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Do you wear your own fragrances?
Durga: "We're our own guinea pigs and wear things until we perfect them. I love Cowgirl Grass—the scent D.S. originally made for me. D.S. cycles through them all, but always comes back to Marblehead Reds and a scent not yet released called New England Pine."
ds-durga-on-the-job-8a "The distiller blows at full steam much like Lindsey Buckingham's guitar solo on 'I'm So Afraid' from Fleetwood Mac's world tour '79-'80. Durga rolls her eyes at my antics. A vintage Hindu poster of the goddess Durga hangs behind us." Enlarge Image
What scents are you guys planning to wear at your wedding?
Durga: "We made our friend a custom scent for his wedding. Maybe we'll build on that and get all our friends to smell the same at their weddings. Or maybe D.S. will just wear sandalwood attar and I will wear night-blooming jasmine—we'll keep it Indian!
ds-durga-on-the-job-11a "Presents from our friends and family spanning four generations" Enlarge Image
Can you choose a few of your all-time favorite albums and match them with a scent?
"New Morning" by Bob Dylan:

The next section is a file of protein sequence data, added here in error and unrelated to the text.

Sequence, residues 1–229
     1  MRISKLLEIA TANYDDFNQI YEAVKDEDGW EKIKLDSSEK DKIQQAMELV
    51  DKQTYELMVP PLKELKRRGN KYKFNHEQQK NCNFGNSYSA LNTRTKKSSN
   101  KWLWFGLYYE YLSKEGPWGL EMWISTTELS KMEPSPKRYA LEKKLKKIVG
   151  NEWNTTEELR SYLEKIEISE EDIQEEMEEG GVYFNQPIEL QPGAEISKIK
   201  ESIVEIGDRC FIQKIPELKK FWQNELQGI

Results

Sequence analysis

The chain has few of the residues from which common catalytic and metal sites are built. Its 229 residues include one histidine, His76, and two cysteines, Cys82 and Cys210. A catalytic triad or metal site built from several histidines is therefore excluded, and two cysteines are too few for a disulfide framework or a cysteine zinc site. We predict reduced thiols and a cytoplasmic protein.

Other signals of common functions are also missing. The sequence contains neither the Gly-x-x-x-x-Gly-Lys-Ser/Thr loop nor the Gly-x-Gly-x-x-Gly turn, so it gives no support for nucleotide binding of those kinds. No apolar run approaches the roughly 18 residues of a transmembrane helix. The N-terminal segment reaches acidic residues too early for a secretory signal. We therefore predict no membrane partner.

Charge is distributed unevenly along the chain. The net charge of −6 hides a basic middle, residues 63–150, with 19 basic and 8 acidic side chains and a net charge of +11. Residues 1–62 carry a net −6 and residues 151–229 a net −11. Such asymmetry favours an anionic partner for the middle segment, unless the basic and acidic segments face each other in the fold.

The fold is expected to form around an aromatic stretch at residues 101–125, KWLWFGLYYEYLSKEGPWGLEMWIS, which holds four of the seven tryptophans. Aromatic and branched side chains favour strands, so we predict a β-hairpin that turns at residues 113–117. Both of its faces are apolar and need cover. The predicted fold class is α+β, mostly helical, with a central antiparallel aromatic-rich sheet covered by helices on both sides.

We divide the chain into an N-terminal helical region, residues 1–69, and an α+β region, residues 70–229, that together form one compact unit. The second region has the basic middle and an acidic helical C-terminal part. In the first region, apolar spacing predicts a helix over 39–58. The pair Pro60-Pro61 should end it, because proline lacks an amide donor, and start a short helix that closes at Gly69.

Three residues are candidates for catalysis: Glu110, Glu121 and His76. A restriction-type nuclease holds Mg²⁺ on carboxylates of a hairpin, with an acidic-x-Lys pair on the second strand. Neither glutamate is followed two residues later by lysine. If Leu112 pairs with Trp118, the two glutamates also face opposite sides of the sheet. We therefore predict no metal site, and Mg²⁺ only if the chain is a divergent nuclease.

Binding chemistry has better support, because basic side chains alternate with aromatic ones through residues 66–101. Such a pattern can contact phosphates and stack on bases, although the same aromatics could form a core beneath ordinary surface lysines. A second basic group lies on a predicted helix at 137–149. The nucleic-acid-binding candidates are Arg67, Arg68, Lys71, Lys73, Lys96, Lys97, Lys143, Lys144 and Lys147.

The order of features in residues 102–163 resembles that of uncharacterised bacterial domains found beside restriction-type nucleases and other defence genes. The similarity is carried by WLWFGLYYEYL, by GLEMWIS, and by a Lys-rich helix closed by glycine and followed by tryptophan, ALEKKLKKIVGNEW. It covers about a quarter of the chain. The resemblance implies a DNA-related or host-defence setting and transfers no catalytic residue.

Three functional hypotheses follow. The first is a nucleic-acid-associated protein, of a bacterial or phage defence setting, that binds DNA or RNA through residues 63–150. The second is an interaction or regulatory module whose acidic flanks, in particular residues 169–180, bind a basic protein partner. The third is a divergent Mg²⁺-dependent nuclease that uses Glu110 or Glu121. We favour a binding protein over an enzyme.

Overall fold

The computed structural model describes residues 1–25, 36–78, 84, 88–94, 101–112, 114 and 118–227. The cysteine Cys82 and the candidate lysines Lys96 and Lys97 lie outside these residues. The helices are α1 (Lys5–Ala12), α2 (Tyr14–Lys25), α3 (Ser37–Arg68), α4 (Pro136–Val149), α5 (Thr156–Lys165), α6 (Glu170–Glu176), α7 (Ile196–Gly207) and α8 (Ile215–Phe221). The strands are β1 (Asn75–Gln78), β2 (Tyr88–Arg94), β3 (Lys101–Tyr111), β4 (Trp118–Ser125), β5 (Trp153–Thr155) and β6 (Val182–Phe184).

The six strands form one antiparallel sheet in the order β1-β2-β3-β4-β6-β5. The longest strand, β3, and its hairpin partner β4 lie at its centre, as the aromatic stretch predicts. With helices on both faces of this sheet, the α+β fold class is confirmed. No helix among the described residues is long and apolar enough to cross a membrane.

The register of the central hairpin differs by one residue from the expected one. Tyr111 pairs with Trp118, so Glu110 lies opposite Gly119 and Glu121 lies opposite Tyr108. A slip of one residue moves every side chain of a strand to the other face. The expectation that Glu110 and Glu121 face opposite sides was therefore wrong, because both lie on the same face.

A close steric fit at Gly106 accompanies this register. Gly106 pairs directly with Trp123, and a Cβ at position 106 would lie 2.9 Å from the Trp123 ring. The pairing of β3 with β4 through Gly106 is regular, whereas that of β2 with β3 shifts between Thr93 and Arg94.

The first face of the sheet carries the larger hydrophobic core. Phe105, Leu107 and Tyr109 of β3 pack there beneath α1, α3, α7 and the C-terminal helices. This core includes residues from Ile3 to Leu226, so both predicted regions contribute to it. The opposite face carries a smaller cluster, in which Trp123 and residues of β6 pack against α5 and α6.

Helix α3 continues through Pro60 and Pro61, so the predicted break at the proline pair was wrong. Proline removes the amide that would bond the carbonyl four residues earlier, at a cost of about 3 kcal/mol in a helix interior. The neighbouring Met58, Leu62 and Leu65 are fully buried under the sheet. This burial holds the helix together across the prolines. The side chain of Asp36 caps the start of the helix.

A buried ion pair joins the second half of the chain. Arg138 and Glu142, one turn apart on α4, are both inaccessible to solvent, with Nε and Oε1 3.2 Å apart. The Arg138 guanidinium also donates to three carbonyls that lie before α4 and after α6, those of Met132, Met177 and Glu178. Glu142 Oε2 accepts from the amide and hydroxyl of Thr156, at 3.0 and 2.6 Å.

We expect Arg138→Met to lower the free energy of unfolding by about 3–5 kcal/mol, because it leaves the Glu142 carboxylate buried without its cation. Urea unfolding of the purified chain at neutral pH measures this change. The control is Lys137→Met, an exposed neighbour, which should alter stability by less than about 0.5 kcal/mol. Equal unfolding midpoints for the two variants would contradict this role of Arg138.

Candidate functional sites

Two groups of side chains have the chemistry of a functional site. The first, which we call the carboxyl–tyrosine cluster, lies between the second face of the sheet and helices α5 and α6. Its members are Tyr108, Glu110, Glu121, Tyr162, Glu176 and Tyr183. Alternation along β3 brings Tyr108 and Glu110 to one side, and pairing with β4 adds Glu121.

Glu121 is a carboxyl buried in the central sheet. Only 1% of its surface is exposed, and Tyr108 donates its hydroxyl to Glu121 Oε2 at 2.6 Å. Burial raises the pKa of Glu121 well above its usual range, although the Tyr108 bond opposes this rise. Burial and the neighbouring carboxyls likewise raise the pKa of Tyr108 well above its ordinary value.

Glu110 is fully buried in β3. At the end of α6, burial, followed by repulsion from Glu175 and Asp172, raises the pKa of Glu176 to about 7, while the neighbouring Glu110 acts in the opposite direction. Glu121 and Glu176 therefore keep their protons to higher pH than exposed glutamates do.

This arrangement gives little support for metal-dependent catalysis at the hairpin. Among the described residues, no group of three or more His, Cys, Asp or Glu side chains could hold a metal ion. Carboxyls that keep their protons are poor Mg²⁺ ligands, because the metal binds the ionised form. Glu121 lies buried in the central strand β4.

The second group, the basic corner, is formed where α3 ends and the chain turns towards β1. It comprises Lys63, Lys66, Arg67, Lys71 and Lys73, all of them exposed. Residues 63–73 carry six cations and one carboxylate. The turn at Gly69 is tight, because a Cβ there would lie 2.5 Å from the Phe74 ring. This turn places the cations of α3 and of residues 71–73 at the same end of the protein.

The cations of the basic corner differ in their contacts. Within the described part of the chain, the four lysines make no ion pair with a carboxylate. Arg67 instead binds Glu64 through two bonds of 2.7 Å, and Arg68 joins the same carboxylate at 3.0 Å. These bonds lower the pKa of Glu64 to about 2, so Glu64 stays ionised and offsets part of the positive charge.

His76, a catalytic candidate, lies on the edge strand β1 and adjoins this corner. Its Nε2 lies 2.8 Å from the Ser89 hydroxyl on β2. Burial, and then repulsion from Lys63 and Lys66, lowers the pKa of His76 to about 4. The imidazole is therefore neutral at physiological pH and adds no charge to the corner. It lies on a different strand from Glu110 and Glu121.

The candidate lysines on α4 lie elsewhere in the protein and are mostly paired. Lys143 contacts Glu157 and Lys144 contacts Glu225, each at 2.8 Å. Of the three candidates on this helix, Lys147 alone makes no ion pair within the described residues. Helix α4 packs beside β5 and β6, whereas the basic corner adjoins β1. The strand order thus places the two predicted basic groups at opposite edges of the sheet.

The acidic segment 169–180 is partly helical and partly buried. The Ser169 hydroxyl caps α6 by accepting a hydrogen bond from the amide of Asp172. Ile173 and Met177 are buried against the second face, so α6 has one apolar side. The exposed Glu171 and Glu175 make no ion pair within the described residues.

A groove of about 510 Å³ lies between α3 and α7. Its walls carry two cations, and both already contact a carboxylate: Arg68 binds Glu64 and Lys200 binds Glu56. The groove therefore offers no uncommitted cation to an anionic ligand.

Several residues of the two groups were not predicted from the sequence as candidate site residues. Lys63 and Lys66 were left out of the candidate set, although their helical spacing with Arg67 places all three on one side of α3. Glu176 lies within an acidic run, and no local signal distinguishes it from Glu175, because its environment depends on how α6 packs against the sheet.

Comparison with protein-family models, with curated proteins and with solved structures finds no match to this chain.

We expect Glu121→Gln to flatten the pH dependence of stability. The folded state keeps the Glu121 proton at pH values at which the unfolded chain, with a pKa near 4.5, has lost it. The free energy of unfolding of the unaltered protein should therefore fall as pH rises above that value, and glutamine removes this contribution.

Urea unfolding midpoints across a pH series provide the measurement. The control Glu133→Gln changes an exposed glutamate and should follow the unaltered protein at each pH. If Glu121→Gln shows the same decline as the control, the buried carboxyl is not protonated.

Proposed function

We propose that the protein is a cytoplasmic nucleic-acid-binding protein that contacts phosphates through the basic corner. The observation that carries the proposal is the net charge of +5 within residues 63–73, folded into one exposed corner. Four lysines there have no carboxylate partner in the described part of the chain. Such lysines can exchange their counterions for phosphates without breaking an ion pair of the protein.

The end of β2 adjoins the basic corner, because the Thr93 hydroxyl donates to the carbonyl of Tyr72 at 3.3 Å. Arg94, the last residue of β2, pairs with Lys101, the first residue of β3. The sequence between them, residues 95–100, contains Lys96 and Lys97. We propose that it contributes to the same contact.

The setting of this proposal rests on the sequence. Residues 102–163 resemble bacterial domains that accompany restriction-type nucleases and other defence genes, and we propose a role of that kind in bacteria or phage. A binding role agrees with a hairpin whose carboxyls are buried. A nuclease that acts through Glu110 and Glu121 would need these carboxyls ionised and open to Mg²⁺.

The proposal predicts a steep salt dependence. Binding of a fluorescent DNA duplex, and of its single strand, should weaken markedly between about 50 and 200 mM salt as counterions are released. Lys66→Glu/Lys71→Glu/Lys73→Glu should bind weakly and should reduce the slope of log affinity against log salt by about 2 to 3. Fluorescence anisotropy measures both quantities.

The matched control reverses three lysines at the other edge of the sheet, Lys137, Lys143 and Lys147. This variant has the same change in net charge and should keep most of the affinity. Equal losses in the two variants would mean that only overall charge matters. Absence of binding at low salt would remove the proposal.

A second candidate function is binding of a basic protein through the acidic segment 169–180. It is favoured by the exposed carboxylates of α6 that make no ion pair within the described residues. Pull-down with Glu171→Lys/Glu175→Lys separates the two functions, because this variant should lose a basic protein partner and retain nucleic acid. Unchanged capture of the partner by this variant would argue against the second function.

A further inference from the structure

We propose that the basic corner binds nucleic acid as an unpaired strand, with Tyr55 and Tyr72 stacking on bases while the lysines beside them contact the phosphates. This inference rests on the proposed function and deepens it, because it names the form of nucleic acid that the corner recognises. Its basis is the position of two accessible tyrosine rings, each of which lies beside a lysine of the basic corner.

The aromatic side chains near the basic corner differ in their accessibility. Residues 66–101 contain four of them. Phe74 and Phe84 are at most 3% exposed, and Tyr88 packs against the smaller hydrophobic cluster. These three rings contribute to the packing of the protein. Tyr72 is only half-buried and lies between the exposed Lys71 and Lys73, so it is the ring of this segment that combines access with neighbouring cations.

"No matter where I put this on, I feel like I am driving upstate where Dylan was in those days. I would see what grows in an around Woodstock. Take some of the wild herbs and flowers from Ulster County, mix it with some "gypsy" oils and balsams and maybe some sacred resins as the dry down."
"Pathetique Symphony" by Tchaikovsky:
"Here was a man who once said, 'this evening I feel sad, and shed tears, for on my wanderings in the woods this morning I was unable to find a single violet.' Clearly he was a sensitive man who enjoyed his nature. Maybe we could take his violet idea by creating a violet leaf accord expanded by dark Russian pine."
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"Exile On Main Street" by the Rolling Stones:
"This is rock n' roll poetry—just listen to the lyrics of "Casino Boogie." The Stones recorded it while exiled from the UK for tax evasion in Keith Richard's giant house in the south of France. This scent would be complex. With a deep tobacco-resin base, orange blossoms and tuberose for Provence, ashes to symbolize the musty basements where they recorded, with cypress trees, roses and frankincense."
"The Man and His Music" by Sam Cooke:
"Nothing says summer nights in small coastal American towns more than Sam Cooke. So, for this scent we would make it very oceanic with hints of smoke from the barbecue and the crisp, salty air."